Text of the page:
My Dad can’t tell you the date or even the day of the week some days, he works to a time table, he always has. He can’t cope with any change to his life, he is non-verbal outside of the home environment. However he has held a job since he was 15, bought his own home, learnt to drive, got married, raised 3 children always provided for us. He always struggled to understand us but Mom didn’t. The biggest change of all for him was losing my Mom, he is learning how to cope, it’s hard for him but he is making progress.
    My Mom didn’t have a clue what she was doing with us, neither did my Nan with my Dad and his identical twin. I had all the same fears that you wrote about my *AJ when he was Max’s age, I was on my own too and homeless for a while.
    Your unconditional love and acceptance of your children is what always helps them to keep taking that next step.
    You’re doing great my friend.
    Love and hugs.
    Lisa. xx πŸ™‚

  24. Dizzy
    July 29, 2011 / 12:04 am

    I am doing great, 5 weeks to go and still no pains or uncomftable stuff yet, except the little-one is still sitting with his bum down and head up πŸ˜›
    I am basically enjoying the little moments now and wait and see what the upcoming few weeks will bring me πŸ™‚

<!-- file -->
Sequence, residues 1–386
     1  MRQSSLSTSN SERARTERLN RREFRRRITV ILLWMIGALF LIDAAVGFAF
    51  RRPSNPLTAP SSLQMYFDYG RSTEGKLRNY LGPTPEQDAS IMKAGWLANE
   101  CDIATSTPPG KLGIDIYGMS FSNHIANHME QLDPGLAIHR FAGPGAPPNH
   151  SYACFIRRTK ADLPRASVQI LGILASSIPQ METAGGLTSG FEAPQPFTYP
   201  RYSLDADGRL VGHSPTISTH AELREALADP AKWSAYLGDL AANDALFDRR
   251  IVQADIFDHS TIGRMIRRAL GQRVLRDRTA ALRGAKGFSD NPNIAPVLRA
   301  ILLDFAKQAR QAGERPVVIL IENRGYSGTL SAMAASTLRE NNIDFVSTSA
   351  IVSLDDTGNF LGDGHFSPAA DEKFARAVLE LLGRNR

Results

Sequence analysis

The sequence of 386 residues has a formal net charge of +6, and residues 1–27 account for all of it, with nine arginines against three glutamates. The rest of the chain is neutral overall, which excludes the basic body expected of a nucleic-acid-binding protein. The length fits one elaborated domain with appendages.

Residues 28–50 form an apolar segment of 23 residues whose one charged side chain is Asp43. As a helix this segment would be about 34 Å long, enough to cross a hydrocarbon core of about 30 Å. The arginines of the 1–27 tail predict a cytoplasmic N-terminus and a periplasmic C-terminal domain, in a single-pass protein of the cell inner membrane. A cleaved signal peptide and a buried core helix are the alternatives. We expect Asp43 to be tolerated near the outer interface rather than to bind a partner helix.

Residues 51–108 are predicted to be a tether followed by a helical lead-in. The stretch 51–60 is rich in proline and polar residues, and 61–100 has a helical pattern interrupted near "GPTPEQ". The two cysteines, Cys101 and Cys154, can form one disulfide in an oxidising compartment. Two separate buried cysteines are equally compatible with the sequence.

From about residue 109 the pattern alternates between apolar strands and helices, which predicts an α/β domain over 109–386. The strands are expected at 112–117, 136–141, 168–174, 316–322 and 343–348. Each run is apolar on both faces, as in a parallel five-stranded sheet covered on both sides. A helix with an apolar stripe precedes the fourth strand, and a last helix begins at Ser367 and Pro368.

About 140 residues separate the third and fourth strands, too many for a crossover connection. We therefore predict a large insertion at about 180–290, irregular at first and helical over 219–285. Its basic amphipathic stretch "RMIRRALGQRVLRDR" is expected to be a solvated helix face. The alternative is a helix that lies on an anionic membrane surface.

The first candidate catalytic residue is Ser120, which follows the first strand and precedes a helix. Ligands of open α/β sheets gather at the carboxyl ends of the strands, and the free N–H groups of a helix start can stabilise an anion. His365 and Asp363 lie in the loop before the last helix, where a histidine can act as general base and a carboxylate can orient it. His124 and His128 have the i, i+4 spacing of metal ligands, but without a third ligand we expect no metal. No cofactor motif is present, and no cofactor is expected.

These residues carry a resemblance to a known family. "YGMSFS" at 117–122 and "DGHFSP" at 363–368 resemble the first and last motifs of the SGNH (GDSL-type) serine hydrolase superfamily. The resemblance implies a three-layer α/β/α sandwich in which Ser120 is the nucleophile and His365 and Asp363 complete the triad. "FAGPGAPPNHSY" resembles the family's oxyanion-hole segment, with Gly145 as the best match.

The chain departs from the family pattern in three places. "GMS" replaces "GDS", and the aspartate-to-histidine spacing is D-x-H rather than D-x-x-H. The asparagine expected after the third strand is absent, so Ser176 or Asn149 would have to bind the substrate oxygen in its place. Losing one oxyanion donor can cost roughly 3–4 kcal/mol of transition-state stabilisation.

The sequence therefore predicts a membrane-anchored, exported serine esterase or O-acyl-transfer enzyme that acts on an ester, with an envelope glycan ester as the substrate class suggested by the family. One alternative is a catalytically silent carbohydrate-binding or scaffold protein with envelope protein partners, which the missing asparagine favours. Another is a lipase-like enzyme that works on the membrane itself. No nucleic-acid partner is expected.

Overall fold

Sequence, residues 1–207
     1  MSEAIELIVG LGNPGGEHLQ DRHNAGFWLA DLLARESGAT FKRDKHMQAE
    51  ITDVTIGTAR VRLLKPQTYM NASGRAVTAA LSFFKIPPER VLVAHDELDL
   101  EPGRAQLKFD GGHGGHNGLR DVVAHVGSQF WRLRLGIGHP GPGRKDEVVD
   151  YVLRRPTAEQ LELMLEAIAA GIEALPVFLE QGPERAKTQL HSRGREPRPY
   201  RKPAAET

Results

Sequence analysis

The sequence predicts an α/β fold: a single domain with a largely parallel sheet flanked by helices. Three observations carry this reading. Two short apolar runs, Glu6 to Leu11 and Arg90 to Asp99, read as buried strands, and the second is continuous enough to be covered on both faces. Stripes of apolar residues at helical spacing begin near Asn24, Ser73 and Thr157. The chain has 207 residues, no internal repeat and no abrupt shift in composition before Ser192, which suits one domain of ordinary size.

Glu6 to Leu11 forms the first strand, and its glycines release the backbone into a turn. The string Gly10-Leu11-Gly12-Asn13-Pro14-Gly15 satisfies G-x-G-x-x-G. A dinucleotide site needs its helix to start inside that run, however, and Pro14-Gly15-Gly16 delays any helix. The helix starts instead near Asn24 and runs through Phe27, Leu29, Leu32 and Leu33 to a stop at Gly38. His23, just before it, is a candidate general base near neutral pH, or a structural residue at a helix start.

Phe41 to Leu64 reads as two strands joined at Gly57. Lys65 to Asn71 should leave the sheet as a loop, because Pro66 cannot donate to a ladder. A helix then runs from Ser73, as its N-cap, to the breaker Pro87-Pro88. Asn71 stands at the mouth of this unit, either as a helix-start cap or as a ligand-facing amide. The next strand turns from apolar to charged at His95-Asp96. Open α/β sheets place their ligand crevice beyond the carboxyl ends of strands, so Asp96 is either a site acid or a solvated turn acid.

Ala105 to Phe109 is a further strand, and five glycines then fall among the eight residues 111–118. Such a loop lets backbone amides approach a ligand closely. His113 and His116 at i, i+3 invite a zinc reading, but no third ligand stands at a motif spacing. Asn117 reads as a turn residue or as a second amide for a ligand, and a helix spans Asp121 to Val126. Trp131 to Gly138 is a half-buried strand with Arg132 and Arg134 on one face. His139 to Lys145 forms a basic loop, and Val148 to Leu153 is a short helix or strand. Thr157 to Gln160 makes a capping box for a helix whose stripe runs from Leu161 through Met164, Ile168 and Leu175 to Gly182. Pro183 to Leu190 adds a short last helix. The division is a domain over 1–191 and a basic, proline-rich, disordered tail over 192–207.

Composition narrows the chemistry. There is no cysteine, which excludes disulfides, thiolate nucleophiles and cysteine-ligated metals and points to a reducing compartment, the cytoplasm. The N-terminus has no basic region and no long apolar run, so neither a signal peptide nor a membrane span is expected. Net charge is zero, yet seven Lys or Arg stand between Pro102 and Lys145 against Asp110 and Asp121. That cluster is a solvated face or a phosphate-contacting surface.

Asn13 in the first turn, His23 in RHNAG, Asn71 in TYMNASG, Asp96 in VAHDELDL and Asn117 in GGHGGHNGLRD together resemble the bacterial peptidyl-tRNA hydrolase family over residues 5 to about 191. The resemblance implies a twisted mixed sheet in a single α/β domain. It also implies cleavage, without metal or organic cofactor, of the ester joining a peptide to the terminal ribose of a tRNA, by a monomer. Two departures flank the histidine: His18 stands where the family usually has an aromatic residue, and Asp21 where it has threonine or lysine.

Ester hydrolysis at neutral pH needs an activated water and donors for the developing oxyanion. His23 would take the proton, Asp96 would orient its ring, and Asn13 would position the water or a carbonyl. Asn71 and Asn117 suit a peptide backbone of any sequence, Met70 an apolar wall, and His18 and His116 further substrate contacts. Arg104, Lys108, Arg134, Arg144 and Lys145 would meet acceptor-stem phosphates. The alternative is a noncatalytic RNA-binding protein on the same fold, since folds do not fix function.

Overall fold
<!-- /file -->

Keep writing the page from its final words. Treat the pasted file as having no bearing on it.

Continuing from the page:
/huggles and kisses

  25. Dizzy
    July 29, 2011 / 9:50 am

    Hunny, there is one thing certain in life and that is that we don’t know what the future brings us. It’s very scary, but on the other hand it keeps the surprise act alive πŸ™‚
    Enjoy the daily little things right at this time and you know…it sure is ok to sometimes just think…what if….but never lose your moment right here right now when you do that πŸ™‚
    /hugz

  26. July 29, 2011 / 11:01 am

    Sounds like he’s doing really well!
    Thank you so much for sharing. πŸ™‚ xx

  27. July 29, 2011 / 11:01 am

    Indeed. That is the most comforting thought, ever! πŸ™‚ x

  28. July 29, 2011 / 11:02 am

    Thank you SO much for this insight to your life, sweetheart. *hugs* and lots of love. xxx

  29. July 29, 2011 / 11:19 am

    So, so true! Thanks so much sweety. How are you doing? *hugs* and love xx

  30. July 29, 2011 / 10:58 pm

    When your monkey mind starts taking over, just lead it back to What Is True Today. For today, you have the strength and grace to walk the road you’re on. I cannot imagine walking your walk, but I know that we’re not asked to shoulder more of a burden than He knows we can bear. (((((HUGS)))))

  31. July 30, 2011 / 12:19 am

    Awww I can’t wait to see photos of the little one! πŸ™‚ First baby is the most wonderful thing *ever*!
    Remember to trust in your body… it knows what it’s doing when it comes to labour. πŸ™‚ *hugs* and love xx

  32. July 30, 2011 / 12:20 am

    Thank you Trece! You are so right. I’m not religious, so much as spiritual, but I do believe that I’ve been given Max for a reason. I’ve grown so much more as a person than I possibly could have without him. I know I’m the right mama for my beautiful little boy. πŸ™‚ *hugs* and love xx